Cory Booker may not be getting far in the 2020 Democratic primaries, as the New Jersey senator is polling in the single digits well behind the main contenders in Joe Biden, Kamala Harris, Bernie Sanders and Elizabeth Warren.
There is no doubt about one thing, though: Booker will be the best athlete on the stage Wednesday evening in Detroit. The 50-year-old played four years of college football on scholarship at Stanford from 1987-90.
According to SB Nation, he would’ve been a four-star recruit at the time. For those outside of the college football world, five-stars are considered elite recruits, while four-stars are typically the best 300 high school prospects of that year.
Booker didn’t play football until his freshman year of high school. As a senior in 1986, he was named the Gatorade New Jersey Football Player of the Year, and also earned a spot on the USA Today All-USA high school team as a defensive back. That year, he caught 46 passes for 589 yards and six touchdowns, and he made 53 solo tackles and nine interceptions as a safety. He was an AP all-state DB in high school, too.
He played high school football at Northern Valley Regional High School at Old Tappan in New Jersey. While other alums such as Falcons receiver Devin Fuller have made the NFL, Booker’s desire to go to Stanford was strictly academic.
“I always joked that I got into Stanford because of a 4.0 and a 1,600,” he said to USA Football in 2018. “I averaged four yards a carry and had 1,600 yards rushing. It would’ve been a reach school for me to get into without football. But, because I was the most overrated high school player in that year as a high school All-American, it opened up that door.”
He choose the Cardinal over offers from Notre Dame and Michigan. He settled in at tight end for head coaches Jack Elway and Dennis Green. He didn’t record any stats until 1989, grabbing seven passes for 37 yards.
The next season, he added 13 receptions for 162 yards and a touchdown. Overall, that’s 20 catches for 199 yards. His best game came in a 4-catch, 47-yard outing in an upset over top-ranked Notre Dame in 1990.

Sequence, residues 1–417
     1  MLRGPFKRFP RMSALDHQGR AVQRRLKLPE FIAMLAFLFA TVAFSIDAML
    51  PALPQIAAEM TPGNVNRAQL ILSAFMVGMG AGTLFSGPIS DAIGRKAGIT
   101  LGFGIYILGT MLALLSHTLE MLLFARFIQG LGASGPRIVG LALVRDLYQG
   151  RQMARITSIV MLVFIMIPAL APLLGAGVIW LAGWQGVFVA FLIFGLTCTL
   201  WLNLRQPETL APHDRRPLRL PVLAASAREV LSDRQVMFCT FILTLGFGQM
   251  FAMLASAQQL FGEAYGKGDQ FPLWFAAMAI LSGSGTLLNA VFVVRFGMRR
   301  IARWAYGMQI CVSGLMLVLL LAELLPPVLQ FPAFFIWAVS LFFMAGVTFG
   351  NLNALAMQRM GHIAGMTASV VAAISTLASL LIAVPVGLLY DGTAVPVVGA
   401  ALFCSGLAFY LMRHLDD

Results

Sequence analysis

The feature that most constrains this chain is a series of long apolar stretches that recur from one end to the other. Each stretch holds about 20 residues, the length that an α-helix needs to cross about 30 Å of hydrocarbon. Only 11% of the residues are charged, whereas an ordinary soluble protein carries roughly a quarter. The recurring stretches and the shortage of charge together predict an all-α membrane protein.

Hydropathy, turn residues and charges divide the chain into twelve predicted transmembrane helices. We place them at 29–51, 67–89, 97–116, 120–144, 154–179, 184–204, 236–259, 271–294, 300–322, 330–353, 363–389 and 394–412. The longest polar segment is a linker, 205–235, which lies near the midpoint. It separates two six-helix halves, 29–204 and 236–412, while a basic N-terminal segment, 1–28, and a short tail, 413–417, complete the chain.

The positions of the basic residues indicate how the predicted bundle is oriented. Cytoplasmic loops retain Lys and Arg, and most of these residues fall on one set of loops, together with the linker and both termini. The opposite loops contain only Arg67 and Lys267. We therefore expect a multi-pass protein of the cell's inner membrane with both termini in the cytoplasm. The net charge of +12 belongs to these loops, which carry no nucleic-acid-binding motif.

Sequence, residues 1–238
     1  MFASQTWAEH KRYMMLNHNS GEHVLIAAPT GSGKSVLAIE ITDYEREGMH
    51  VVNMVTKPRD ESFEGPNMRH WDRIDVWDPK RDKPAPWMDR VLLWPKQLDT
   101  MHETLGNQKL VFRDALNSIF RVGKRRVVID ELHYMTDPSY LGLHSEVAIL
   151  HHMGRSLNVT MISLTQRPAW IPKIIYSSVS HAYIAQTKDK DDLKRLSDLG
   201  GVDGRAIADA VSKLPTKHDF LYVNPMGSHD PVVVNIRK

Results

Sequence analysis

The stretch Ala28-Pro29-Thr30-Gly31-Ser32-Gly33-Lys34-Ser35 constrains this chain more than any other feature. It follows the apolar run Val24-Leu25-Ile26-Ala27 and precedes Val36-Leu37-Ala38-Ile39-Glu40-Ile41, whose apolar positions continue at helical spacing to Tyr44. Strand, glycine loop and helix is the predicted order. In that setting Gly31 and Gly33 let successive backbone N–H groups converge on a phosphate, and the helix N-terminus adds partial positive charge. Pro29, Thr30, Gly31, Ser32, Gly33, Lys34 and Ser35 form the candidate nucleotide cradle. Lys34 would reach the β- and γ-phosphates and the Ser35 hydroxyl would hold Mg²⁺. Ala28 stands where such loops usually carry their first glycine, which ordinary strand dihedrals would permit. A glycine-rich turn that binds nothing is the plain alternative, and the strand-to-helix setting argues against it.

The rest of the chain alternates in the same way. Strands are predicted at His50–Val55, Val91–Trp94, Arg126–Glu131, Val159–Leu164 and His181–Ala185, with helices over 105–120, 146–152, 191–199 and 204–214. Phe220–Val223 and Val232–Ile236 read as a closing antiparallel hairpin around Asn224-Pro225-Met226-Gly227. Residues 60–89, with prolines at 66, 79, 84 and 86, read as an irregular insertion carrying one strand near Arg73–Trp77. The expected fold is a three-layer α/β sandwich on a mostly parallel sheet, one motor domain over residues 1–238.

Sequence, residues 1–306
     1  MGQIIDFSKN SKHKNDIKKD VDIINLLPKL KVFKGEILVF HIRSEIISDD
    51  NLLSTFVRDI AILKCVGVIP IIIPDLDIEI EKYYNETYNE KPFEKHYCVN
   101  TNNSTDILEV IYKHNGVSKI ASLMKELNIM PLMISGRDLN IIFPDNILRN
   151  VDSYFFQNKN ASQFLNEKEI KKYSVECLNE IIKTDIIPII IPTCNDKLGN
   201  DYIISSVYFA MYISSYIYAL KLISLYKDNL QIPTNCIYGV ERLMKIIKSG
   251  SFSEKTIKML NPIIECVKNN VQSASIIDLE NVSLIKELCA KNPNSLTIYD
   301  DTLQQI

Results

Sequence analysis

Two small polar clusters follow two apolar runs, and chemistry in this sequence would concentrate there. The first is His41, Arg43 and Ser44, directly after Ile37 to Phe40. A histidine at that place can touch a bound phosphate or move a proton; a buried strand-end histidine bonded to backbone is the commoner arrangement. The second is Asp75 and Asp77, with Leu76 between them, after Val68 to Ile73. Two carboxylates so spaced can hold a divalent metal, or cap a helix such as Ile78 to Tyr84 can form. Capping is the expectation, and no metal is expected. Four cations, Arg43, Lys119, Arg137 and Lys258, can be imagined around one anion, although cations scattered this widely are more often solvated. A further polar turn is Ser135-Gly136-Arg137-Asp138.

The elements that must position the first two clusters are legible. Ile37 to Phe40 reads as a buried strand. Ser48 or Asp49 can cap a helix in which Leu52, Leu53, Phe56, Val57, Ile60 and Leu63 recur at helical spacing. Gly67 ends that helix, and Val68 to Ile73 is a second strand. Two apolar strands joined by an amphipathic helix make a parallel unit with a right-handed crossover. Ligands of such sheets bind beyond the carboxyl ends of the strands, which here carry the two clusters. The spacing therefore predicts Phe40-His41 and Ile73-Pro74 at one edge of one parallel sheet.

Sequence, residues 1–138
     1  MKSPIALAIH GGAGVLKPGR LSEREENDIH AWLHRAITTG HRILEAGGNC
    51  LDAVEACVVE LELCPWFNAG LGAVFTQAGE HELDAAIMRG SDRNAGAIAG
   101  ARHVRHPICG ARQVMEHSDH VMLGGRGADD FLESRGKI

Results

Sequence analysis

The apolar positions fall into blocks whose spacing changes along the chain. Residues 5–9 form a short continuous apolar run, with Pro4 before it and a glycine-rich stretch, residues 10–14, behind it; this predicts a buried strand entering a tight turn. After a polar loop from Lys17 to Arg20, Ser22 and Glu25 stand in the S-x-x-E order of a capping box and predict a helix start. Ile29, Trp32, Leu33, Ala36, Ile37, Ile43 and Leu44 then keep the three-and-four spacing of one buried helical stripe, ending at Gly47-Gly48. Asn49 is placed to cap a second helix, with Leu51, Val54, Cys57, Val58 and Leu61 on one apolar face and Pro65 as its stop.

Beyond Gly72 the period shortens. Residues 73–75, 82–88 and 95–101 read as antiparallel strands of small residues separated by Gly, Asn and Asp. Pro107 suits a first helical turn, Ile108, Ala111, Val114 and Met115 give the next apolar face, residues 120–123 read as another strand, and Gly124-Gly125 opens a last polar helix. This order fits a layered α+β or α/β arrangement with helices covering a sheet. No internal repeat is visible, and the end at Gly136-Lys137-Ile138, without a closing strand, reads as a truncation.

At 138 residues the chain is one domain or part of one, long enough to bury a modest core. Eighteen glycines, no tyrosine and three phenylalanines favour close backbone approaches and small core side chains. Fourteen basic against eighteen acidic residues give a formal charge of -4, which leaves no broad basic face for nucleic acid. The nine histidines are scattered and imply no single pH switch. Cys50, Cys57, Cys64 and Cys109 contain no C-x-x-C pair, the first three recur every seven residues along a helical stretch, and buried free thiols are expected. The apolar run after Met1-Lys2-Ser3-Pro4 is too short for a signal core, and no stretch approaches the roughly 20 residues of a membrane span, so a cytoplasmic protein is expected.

One of his highlights came when he juked out Todd Lyght, a 2-time All-American and 12-year player for Rams and Lions in the NFL.
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Basically, his high school potential didn’t pan out at the college level. For a candidate polling very low heading into Wednesday night at the Fox Theater, he understands the parallel.
“This definitely has echoes of many past experiences of my life where, again, here I find myself a David walking onto a field and having to fight Goliath,” Booker told CNN. “This feels very familiar to me.”
While he hasn’t connected with Democratic Americans at large in this election, one of his teammates at Stanford has talked publicly about his admiration for Booker.
“I’m from Ohio, and there’s a reason why I’m bringing that up before talking about Cory. [Stanford] was a predominantly white school,” his teammate Paul Nickel said per Quartz. “I hadn’t been exposed to many African Americans. [I was] kind of a naive kid from the Midwest. He’s from New Jersey, and he approached me and he was highly intelligent, very smart guy, just nice to be around. Very helpful. Showing me around campus when I first got there.”
Booker will face off with nine other candidates at 8 p.m. Eastern time on CNN.
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